Strip Search Season 1 Finale Review: Previous Comic, Next Comic

Back when Strip Search began, I googled around for reviews of it, and didn’t find much. That didn’t mean it was an unknown show–nothing Penny Arcade does will go unpublicized. No, it was just under the radar of the TV critic review machine. They review everything else. If the AV Club hasn’t at some point mentioned a show, there’s a good chance it never existed. I did the same thing after the finale aired yesterday and didn’t find anything. See, I have this itch that, after a finale, after some sort of TV event, comic, whatever, I want to read something, to see what other people thought, and move on slowly. And since I think Strip Search deserves a review, a look back, and a look forward, here we are. Spoilers and thoughts after the break.

As a non-watcher of reality TV, I constantly astonished myself at how invested I became in the contestants. Strip Search has an advantage over other reality shows in this arena: many of the contestants have ongoing webcomics. Watching the show was more than just for the competition and character, but to broaden your horizons. I scored some new webcomics (Abby Howard’s Junior Scientist Power Hour and Skadi from Katie Rice, the winner). I followed a bunch of artists on Twitter from the show. They’re out there, in the world. As much as I’d like to, I can’t eat the things from cooking reality shows, or hang out with Anthony Bourdain in the Congo. But I can read comics. And I know that every single artist on the show benefited from being there, a sentiment Mike echoes in a post looking back on the series.

That’s the beginning of what made Strip Search so good. First, let’s talk about the finale, and why and how I think it succeeded.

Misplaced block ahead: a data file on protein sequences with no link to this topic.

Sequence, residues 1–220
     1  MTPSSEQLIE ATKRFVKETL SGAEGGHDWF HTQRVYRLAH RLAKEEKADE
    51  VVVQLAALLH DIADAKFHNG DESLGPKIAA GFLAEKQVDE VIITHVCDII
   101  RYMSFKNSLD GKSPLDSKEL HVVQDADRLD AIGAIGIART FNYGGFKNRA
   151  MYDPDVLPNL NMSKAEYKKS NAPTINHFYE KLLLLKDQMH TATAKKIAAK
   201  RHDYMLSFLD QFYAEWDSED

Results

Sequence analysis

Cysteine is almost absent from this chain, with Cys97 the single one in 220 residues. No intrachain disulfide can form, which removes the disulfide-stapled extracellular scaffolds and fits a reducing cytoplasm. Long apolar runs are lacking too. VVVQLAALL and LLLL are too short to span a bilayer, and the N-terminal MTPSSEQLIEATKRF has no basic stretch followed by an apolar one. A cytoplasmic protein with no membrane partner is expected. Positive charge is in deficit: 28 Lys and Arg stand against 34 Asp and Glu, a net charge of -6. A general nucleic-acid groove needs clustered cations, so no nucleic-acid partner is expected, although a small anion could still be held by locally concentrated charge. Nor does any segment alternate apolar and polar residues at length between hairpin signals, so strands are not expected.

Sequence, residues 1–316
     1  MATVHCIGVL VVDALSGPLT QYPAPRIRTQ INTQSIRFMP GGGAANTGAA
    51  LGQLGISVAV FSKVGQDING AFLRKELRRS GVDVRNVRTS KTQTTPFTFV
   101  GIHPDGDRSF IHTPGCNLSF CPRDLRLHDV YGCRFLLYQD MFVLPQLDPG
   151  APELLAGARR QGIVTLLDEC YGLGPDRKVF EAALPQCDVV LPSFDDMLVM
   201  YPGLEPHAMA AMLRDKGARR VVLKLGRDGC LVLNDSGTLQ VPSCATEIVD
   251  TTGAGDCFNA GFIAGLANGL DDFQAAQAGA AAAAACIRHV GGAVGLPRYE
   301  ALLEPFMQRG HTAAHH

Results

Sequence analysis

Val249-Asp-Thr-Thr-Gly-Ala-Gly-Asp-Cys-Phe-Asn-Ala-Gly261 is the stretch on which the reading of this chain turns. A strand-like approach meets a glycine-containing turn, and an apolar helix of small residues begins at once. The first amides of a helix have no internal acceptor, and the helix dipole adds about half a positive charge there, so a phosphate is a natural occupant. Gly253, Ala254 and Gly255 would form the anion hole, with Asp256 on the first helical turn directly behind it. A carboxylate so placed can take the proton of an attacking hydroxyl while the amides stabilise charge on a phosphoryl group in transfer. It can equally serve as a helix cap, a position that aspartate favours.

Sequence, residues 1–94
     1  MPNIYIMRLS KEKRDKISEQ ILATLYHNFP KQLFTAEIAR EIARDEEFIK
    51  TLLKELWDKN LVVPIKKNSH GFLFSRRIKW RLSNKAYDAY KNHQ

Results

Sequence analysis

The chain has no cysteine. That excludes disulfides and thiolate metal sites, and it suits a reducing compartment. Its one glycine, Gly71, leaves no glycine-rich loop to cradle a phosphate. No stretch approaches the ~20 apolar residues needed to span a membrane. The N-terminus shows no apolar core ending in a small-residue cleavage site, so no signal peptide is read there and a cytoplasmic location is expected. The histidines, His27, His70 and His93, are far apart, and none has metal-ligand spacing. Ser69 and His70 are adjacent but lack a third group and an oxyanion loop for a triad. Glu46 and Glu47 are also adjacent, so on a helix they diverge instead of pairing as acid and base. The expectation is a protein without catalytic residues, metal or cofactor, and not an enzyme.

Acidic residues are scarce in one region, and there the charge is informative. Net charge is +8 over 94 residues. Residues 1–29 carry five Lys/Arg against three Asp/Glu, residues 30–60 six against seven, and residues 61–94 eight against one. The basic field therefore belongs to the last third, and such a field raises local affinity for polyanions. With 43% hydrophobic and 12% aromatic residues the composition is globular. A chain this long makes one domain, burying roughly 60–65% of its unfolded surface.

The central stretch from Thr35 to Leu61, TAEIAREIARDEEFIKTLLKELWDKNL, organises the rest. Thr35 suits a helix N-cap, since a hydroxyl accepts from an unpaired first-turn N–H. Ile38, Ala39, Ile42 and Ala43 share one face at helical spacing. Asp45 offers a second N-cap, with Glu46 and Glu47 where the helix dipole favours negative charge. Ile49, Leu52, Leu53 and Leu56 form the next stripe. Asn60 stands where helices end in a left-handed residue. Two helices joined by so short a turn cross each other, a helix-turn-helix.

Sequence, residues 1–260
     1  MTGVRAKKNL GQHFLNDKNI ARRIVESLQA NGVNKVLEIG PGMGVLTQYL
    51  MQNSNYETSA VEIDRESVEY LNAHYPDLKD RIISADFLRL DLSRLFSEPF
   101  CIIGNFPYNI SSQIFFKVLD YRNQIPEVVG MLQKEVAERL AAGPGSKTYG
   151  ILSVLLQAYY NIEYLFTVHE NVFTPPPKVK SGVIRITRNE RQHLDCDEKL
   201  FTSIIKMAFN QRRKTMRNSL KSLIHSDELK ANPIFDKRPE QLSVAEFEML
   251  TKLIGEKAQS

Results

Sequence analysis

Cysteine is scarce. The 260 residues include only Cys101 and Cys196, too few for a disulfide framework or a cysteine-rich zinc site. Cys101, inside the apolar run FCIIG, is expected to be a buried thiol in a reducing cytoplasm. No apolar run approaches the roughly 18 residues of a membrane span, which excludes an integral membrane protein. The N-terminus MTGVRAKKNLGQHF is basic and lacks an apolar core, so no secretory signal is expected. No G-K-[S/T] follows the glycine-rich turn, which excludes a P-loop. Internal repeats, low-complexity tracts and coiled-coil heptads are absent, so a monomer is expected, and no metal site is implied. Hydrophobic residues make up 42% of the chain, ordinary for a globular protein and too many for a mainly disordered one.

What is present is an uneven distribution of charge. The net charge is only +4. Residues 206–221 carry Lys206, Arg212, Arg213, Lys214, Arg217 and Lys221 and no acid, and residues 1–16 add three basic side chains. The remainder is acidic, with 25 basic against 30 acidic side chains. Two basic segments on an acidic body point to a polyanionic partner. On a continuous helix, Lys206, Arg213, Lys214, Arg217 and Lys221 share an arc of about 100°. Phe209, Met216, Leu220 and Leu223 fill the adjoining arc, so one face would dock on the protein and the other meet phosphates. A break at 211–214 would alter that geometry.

The contestants (and viewers) didn’t know what the format of the final challenges would be, or whether there even would be challenges. Each previous set of episodes (social challenge, competitive, elimination) followed the same pattern, and all we knew was that the finale would be different. The decision to ask the remaining contestants to create a webcomic idea from scratch, over a two-month period, including t-shirt designs and logos, brought together many elements of previous challenges, and, most importantly, finally allowed us to see the contestants working on a real webcomic idea.


Click the image to check out the art from the finale

Some of the weaker challenges throughout the show were too far afield of comics (the go-kart challenge being the worst offender of the bunch), and none involved actually creating comics. So the simple directive of “go create a webcomic” brought out the best in the contestants and the creators, who were themselves a big part of each elimination.

The creators were at their best when judging comics and interacting with the artists, creating an atmosphere somewhere between a stand-up show where you’re constantly being heckled and an amazing mentor-student relationship. In the finale, their questions to the contestants leaned slightly away from the absurd, and more toward the practical. Winning Strip Search meant moving to Seattle and working out of the Penny Arcade offices for a year, plus $15,000. Throughout the hour, we learned how the contestants felt about that, what they’d do with it, and whether they were ready or not for the challenge.

He likes cake a lot

Also, Jerry pushed his head slowly to the bottom of a chocolate cake.

The criteria for judging in the finale elimination was also much clearer than previous weeks. Gone was the focus on “Is this funny?” Gone was questioning whether the contestants put enough or not enough emphasis on the themes. (They didn’t once mention the themes, Creation, Morality, Good vs. Evil, during judging.) We also got to hear about the background thinking of each comic. The creators asked Maki about his predilection for “did you know?” panels. They asked Abby about starting in medias res of her story.

And Katie confessed that she had a runny nose.

Strip Search, for all the heckling, challenges, and eliminations, was a positive experience. Challenges were always meant to improve the contestants, force them to learn or demonstrate and practice their skills. This is what kept me watching the show after the initial premise and amusing name drew me in. I hope the show continues onto a second season, and more. I’ll be watching.


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